On October 2, 1968, Bob Gibson did what no man had done before, and no man has done since, by striking out 17 men in one World Series contest. The performance came in Game 1 of the Fall Classic against the Tigers, and helped lead the Cardinals to a 4-0 victory.
It had instant classic stamped on it before a pitch was thrown. The Tigers countered the National League MVP who had posted a regular season E.R.A. of 1.12 with Denny McLain who had won 31 games during the regular season. However, the Cardinals did not get the same McLain that had led the way to 31 wins. He surrendered three runs in the fourth, and was a victim of his wildness, which helped put the Birds on the board.
McLain did look like he was cruising as well until that fourth inning, which began with a four pitch walk to Roger Maris. Orlando Cepeda popped out, then McLain issued his second four pitch free pass of the inning to Tim McCarver. He was in trouble. The Cards had him on the ropes, and they were not about to let up. Mike Shannon ripped one into left, that Willie Horton could not handle, which led to Maris scoring the first run of the ballgame, and McCarver made the most of it by moving over to third, while Shannon stood on second. One batter later Julian Javier padded the lead by knocking in both runners with a single to right. The Cardinals would not need any more runs on this day. Although, Lou Brock did add to the total by crushing a homer deep to center in the seventh. Brock had stolen a base earlier in the contest as well. With all of that said the story of the day was a strikeout machine who wore the number 45.
Gibby struck seven men out in the first three innings. He would later say that he did not have his best stuff, but he had great control. He only allowed five hits in the contest, and the only true threat that he faced came in the sixth when Dick Mcauliffe picked up a one out single, then Al Kaline came through with a two out double. Gibson put that fire out by striking out Norm Cash. All the while he was not even focused on the Ks, he was focused on the task at hand, which was the next man he would have to face.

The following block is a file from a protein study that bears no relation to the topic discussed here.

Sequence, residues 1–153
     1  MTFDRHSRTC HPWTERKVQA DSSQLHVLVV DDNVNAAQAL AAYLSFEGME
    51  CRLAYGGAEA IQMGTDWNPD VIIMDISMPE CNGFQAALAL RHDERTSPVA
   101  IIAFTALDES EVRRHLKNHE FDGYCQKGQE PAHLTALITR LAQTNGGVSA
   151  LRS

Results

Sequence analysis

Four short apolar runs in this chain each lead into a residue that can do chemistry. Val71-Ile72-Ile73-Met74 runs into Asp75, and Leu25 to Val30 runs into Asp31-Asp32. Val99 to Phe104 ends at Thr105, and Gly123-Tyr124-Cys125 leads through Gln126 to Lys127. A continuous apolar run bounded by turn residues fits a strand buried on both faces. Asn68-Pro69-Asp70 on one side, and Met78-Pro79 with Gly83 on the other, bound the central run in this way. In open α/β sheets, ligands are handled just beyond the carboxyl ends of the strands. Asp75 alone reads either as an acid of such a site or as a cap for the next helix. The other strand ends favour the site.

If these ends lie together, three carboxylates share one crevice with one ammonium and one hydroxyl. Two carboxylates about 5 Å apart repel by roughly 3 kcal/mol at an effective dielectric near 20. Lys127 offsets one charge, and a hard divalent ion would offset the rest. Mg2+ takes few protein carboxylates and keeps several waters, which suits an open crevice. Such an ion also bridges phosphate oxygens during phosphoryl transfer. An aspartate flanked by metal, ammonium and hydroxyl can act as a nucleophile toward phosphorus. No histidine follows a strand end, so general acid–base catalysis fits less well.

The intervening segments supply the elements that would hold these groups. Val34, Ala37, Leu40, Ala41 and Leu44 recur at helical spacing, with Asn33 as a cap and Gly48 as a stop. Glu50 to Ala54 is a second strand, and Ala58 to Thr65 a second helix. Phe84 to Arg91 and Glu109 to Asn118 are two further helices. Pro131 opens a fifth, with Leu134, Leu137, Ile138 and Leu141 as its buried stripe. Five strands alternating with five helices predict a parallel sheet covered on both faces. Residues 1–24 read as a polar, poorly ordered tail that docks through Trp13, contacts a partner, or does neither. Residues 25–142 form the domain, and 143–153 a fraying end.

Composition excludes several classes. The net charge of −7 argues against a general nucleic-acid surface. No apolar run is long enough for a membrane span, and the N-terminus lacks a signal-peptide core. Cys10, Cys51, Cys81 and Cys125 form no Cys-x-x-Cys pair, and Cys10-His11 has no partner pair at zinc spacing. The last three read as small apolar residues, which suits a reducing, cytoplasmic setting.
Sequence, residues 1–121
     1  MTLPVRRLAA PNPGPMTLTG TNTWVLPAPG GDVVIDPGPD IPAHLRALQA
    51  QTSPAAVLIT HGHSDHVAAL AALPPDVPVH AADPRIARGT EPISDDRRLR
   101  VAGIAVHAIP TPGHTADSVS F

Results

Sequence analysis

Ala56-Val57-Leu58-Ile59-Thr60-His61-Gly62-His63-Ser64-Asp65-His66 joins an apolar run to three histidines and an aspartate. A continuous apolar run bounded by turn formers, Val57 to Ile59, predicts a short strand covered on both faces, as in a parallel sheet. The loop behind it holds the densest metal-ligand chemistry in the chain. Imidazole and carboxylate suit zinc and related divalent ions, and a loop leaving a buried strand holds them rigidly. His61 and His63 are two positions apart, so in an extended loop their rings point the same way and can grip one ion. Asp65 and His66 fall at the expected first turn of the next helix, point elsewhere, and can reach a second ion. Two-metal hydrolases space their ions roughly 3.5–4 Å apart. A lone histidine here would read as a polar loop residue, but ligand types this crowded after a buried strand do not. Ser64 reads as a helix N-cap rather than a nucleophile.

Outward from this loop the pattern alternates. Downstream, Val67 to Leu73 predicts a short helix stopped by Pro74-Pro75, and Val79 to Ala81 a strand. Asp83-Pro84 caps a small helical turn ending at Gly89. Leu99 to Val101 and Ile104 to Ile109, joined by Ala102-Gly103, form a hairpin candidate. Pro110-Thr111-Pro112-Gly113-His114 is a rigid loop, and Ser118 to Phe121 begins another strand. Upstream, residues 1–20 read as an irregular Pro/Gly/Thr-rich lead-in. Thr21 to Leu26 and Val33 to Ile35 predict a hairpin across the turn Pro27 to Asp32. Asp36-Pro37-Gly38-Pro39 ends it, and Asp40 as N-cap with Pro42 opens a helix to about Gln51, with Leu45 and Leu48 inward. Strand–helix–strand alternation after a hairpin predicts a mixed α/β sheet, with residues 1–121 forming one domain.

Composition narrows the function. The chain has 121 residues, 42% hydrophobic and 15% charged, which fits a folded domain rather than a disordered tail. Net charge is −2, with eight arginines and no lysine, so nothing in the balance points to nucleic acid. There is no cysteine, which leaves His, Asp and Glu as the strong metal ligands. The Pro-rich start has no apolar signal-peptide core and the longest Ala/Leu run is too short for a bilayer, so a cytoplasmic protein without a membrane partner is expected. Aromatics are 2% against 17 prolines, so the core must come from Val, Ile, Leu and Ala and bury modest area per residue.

When the ninth rolled around Gibson was just one strikeout away from the tying Sandy Koufax's World Series strikeout record of 15 strikeouts that had been set in 1963. He would equal the mark quickly, but it did not come before allowing a leadoff single to Mickey Stanley. Ultimately, that did not matter, as he sat down Kaline with a K to equal the mark. He followed it up by fanning Norm Cash once again, and that was when he realized he made history. He was so locked in that he did not even know McCarver was running out to the mound, as the cheers of the St. Louis faithful rained upon him. McCarver told him to look at the scoreboard, and when he did he saw the words "NEW WORLD SERIES RECORD 16 Ks!!!" What did Gibson do? He went back to work. There was one more batter that would become his 17th strikeout victim of the day. That batter was Willie Horton, who worked the count to two and two, before Gibson fired his 144th pitch over the plate and struck him out. The pitcher had painted a World Series masterpiece.
Check out the box score here: http://www.baseball-reference.com/boxes/SLN/SLN196810020.shtml
You can watch the record setting performance here: https://www.youtube.com/watch?v=gR7mFvbd1XM